SPMF documentation > Using Optics to extract a cluster-ordering of points and DB-Scan style clusters

This example explains how to run the Optics algorithm using the SPMF open-source data mining library.

What is OPTICS?

OPTICS is a classic clustering algorithm. It takes as input a set of instances (vectors of double values) and output a cluster-ordering of instances (points), that is a total order on the set of instances.

This "cluster-ordering" of points can then be used to generate density-based clusters similar to those generated by DBScan.

In the paper describing Optics, the authors also proposed authors tasks that can be done using the cluster-ordering of points such as interactive visualization and automatically extracting hierarchical clusters. Those tasks are not implemented here.

Implementation note: To avoid having a O(n^2) time complexity, this implementation uses a KD-Tree to store points internally.

In this implementation the user can choose between various distance functions to assess the similarity between vectors. SPMF offers the Euclidian distance, correlation distance, cosine distance, Manathan distance and Jaccard distance.

How to run this example?

To generate a cluster-ordering of points using OPTICS:

To generate a DB-Scan style cluster of points using OPTICS:

What is the input?

Optics takes as input (1) a set of instances (points) having a name and containing one or more double values, (2) a parameter minPts (a positive integer >=1) indicating the number of instances (points) that a core point need to have in its neighborhood (see paper about Optics for more details) and (3) a radius epsilon that define the neighborhood of a point. If clusters are generated, an extra parameter named epsilonPrime is also taken as parameter. This latter parameter can be set to the same value as epsilon or a different value (see paper for details).

The input file format is a text file containing several instances.

The first lines (optional) specify the name of the attributes used for describing the instances. In this example, two attributes will be used, named X and Y. But note that more than two attributes could be used. Each attribute is specified on a separated line by the keyword "@ATTRIBUTEDEF=", followed by the attribute name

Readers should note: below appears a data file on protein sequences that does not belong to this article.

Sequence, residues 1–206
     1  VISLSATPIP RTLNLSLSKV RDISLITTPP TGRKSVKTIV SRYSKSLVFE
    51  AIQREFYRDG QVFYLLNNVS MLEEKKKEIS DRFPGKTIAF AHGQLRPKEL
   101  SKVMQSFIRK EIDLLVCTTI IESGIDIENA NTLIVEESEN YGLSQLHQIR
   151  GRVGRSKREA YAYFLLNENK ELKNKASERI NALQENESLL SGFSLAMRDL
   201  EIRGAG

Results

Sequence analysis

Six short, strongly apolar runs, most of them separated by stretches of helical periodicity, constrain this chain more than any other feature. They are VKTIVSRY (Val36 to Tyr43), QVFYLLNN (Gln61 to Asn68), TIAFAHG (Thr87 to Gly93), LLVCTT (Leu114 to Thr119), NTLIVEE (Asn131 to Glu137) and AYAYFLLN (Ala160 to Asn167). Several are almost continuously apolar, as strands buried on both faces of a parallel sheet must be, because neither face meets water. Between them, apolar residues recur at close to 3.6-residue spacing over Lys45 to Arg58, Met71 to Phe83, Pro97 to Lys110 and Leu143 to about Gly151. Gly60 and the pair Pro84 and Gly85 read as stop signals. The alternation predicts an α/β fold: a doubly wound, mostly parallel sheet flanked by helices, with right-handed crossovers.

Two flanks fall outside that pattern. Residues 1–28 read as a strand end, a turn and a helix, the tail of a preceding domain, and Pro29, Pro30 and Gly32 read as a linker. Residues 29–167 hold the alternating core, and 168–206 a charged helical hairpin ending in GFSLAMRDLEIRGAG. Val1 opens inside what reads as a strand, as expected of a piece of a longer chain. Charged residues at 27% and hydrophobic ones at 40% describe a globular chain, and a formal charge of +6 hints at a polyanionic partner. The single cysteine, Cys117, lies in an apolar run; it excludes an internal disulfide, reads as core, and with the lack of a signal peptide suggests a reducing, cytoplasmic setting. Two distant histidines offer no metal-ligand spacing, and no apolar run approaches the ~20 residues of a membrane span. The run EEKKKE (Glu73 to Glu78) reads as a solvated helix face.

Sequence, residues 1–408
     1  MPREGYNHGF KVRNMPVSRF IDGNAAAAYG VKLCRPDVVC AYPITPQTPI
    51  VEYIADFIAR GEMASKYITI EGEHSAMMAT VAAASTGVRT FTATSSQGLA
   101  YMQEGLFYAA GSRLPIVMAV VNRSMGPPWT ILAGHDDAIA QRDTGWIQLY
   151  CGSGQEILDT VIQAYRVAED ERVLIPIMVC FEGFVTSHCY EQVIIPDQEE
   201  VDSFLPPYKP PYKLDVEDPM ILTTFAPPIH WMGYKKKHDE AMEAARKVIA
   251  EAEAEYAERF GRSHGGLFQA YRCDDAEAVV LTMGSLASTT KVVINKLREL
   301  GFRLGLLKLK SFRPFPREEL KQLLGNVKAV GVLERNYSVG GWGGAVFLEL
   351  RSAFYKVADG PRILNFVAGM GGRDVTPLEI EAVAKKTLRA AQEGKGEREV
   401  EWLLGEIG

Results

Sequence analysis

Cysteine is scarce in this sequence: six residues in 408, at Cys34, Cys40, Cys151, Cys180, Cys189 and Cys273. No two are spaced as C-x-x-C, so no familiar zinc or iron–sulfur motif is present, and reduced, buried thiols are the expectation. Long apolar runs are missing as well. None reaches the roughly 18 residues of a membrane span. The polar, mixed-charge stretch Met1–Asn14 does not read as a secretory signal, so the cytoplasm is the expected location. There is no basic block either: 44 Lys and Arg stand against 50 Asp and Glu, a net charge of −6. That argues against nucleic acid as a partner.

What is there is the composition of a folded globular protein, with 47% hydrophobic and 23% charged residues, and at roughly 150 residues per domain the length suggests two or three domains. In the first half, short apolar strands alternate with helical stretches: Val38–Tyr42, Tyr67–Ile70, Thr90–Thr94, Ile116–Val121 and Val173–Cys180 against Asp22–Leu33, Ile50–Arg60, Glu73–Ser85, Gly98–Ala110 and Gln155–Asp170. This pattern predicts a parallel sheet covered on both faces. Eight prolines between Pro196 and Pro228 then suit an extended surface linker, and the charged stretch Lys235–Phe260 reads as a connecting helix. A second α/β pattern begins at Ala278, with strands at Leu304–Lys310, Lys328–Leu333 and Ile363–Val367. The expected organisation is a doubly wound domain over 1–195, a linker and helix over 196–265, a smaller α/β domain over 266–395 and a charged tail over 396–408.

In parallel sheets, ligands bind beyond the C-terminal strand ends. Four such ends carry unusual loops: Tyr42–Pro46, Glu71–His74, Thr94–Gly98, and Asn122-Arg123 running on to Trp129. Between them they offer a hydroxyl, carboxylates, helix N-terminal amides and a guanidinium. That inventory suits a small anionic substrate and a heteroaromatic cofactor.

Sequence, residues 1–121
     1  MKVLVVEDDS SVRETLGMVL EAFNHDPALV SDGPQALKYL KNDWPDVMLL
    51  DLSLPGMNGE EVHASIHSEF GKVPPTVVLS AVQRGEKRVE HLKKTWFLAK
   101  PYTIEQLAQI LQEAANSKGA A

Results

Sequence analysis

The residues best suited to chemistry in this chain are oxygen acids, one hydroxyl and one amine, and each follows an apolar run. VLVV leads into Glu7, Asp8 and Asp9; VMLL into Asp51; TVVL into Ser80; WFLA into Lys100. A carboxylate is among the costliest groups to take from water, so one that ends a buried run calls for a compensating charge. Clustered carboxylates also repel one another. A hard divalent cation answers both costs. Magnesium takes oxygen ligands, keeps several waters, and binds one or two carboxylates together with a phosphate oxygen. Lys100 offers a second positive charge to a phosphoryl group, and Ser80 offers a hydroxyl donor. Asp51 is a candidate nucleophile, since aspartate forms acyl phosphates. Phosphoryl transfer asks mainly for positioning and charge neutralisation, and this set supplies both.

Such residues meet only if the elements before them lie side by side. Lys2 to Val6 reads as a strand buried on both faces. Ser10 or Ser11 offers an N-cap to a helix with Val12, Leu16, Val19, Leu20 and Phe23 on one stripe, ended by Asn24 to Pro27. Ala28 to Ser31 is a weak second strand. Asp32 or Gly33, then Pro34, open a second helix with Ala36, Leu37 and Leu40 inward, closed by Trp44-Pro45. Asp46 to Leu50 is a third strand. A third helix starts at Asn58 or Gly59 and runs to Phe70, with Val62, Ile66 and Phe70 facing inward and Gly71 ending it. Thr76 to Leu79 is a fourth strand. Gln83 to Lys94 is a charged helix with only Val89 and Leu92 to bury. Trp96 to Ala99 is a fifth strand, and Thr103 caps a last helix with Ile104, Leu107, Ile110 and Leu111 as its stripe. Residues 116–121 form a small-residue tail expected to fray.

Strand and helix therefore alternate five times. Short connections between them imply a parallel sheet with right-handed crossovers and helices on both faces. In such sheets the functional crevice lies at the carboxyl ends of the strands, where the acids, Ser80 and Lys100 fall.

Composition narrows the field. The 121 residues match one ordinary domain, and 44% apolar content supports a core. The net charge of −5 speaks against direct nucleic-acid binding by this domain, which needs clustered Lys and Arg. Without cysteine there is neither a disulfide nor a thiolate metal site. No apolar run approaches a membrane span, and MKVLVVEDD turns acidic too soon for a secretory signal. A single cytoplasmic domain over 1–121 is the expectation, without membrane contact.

Then, each instance is described by two lines. The first line (which is optional) contains the string "@NAME=" followed by the name of the instance. Then, the second line provides a list of double values separated by single spaces.

An example of input is provided in the file "inputDBScan2.txt" of the SPMF distribution. It contains 31 instances, each described by two attribute called X and Y.

@ATTRIBUTEDEF=X
@ATTRIBUTEDEF=Y
@NAME=Instance1
1 1
@NAME=Instance2
0 1
@NAME=Instance3
1 0
@NAME=Instance4
11 12
@NAME=Instance5
11 13
@NAME=Instance6
13 13
@NAME=Instance7
12 8.5
@NAME=Instance8
13 8
@NAME=Instance9
13 9
@NAME=Instance10
13 7
@NAME=Instance11
11 7
@NAME=Instance12
8 2
@NAME=Instance13
9 2
@NAME=Instance14
10 1
@NAME=Instance15
7 13
@NAME=Instance16
5 9
@NAME=Instance17
16 16
@NAME=Instance18
11.5 8
@NAME=Instance20
13 10
@NAME=Instance21
12 13
@NAME=Instance21
14 12.5
@NAME=Instance22
14.5 11.5
@NAME=Instance23
15 10.5
@NAME=Instance24
15 9.5
@NAME=Instance25
12 9.5
@NAME=Instance26
10.5 11
@NAME=Instance27
10 10.5
@NAME=Instance28
9 3
@NAME=Instance29
9 4
@NAME=Instance30
9 5

For example, the first instance is named "Instance1", and it is a vector with two values: 1 and 1 for the attributes X and Y, respectively.

This input file represents a set of 2D points. But note that, it is possible to use more than two attributes to describe instances. To give a better idea of what the input file looks like, here is a visual representation:

The distance function used by Optics is the Euclidian distance

What is the output?

Optics generates a a so-called cluster-ordering of points, which is a list of points with their reachability distances. For example, for minPts = 2 and epsilon = 2, the following cluster ordering is generated, where each line indicates respresent an instance (a name and its vector of values) and a reachability distance. Note that a reachability distance equals to "infinity" means "UNDEFINED" in the original paper.